C. The Presuit Letter and the Complaint
It is good practice to caution the taxpayer at the earliest opportunity that the United States will be seeking to recover all available costs of collection. As explained more fully below (see § III.D., infra), the United States is entitled to recover a ten-percent surcharge on the final judgment if certain conditions are met. Accordingly, if the trial attorney sends the taxpayer a presuit letter prior to bringing a collection suit, the following language about the surcharge should be included:
We will also seek to recover the 10% surcharge under 28 U.S.C. § 3011 in the event that we are required to use any of the remedies in subchapter B or C of the Federal Debt Collection Procedures Act (28 U.S.C. §§ 3101-3206) to collect this debt.
Simply mentioning the existence of the surcharge provision in a presuit letter may be enough to cause a prospective defendant to pay the underlying debt in full.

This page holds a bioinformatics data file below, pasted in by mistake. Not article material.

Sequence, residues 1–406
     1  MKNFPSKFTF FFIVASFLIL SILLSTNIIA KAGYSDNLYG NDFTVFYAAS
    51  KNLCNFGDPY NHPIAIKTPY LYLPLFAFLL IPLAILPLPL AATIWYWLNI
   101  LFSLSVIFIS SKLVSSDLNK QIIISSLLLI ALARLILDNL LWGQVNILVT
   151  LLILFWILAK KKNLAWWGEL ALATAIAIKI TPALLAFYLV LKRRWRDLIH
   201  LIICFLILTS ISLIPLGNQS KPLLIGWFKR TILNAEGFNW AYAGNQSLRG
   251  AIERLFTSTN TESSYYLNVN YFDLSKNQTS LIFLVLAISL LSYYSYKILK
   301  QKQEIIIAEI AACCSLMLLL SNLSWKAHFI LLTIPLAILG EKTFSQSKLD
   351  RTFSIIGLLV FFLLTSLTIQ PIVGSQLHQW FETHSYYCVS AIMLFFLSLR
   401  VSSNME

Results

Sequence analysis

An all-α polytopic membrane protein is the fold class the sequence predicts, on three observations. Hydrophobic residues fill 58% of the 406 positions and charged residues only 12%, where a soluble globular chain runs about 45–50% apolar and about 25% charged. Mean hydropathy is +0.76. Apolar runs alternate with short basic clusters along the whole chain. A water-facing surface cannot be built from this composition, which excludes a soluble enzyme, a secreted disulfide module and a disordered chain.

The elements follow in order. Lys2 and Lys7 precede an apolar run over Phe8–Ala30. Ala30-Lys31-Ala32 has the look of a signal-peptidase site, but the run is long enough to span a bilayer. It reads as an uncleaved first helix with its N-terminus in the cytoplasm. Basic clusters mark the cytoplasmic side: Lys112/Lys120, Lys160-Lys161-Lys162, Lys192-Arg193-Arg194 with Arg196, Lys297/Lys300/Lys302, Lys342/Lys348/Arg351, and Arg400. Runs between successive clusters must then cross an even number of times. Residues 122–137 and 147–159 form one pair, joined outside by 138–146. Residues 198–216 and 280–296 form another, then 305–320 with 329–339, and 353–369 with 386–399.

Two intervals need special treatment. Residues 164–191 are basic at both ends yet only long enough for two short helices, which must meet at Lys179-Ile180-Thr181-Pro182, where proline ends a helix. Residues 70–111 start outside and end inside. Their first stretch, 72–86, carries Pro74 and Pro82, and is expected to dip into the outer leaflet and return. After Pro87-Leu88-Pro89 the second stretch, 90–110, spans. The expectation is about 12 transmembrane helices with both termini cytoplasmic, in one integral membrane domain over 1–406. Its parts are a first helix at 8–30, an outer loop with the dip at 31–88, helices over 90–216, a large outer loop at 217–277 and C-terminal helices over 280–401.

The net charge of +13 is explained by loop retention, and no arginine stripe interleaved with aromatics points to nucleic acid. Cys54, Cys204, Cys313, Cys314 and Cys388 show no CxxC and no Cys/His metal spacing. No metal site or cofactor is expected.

Similarly, in drafting complaints and counterclaims seeking money judgments you may want to specify that, if the United States must use any of the remedies in subchapter B or C of the FDCPA, then it will seek the ten-percent surcharge.
D. Lis Pendens
In all suits involving real property, the trial attorney should determine whether it is necessary to file a notice of lis pendens (pending litigation) promptly after filing the complaint. A notice of lis pendens should be filed if the property is not encumbered by a notice of federal tax lien. For example, if the taxpayer has an interest in the property but the property is held in the name of another and there is no nominee lien filed, a notice of lis pendens should be filed. If possible, the notice should be filed on the same day or within one or two days of filing the complaint, to ensure that the notice is filed before the complaint is served on the record owner of the land.
A properly filed notice of lis pendens, like a notice of federal tax lien, places anyone who might consider purchasing or acquiring an interest in property that is the subject of pending litigation on notice of the rights of the seller's adversary, and the purchaser would take the property subject to whatever valid judgment is entered in the litigation4. Without a notice of lis pendens (or notice of tax lien or nominee lien), the current record owner may be able to transfer or mortgage the property, possibly giving the transferee or mortgagee a claim prior to that of the Government.
E. Prejudgment Remedies Under the Federal Debt Collection Procedures Act5